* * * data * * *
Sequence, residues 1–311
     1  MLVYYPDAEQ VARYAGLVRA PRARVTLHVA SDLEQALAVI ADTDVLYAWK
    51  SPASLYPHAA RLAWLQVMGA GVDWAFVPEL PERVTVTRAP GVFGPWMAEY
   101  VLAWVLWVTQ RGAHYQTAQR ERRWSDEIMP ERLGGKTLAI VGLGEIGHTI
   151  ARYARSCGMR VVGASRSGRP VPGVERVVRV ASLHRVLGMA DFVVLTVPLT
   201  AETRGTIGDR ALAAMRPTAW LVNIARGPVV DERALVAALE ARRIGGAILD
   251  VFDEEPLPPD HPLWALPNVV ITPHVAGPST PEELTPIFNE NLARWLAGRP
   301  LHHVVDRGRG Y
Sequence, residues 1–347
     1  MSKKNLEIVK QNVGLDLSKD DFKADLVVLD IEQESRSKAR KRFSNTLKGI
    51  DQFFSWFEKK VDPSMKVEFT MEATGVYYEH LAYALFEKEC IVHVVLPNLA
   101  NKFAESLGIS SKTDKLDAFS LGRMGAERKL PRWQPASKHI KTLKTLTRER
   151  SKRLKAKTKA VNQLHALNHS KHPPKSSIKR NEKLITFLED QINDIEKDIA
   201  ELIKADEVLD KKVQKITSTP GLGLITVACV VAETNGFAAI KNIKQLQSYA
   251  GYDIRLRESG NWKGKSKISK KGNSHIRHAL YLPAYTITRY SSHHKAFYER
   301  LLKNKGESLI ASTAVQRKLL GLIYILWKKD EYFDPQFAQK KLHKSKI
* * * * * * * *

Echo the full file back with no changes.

Sequence, residues 1–311
     1  MLVYYPDAEQ VARYAGLVRA PRARVTLHVA SDLEQALAVI ADTDVLYAWK
    51  SPASLYPHAA RLAWLQVMGA GVDWAFVPEL PERVTVTRAP GVFGPWMAEY
   101  VLAWVLWVTQ RGAHYQTAQR ERRWSDEIMP ERLGGKTLAI VGLGEIGHTI
   151  ARYARSCGMR VVGASRSGRP VPGVERVVRV ASLHRVLGMA DFVVLTVPLT
   201  AETRGTIGDR ALAAMRPTAW LVNIARGPVV DERALVAALE ARRIGGAILD
   251  VFDEEPLPPD HPLWALPNVV ITPHVAGPST PEELTPIFNE NLARWLAGRP
   301  LHHVVDRGRG Y
Sequence, residues 1–347
     1  MSKKNLEIVK QNVGLDLSKD DFKADLVVLD IEQESRSKAR KRFSNTLKGI
    51  DQFFSWFEKK VDPSMKVEFT MEATGVYYEH LAYALFEKEC IVHVVLPNLA
   101  NKFAESLGIS SKTDKLDAFS LGRMGAERKL PRWQPASKHI KTLKTLTRER
   151  SKRLKAKTKA VNQLHALNHS KHPPKSSIKR NEKLITFLED QINDIEKDIA
   201  ELIKADEVLD KKVQKITSTP GLGLITVACV VAETNGFAAI KNIKQLQSYA
   251  GYDIRLRESG NWKGKSKISK KGNSHIRHAL YLPAYTITRY SSHHKAFYER
   301  LLKNKGESLI ASTAVQRKLL GLIYILWKKD EYFDPQFAQK KLHKSKI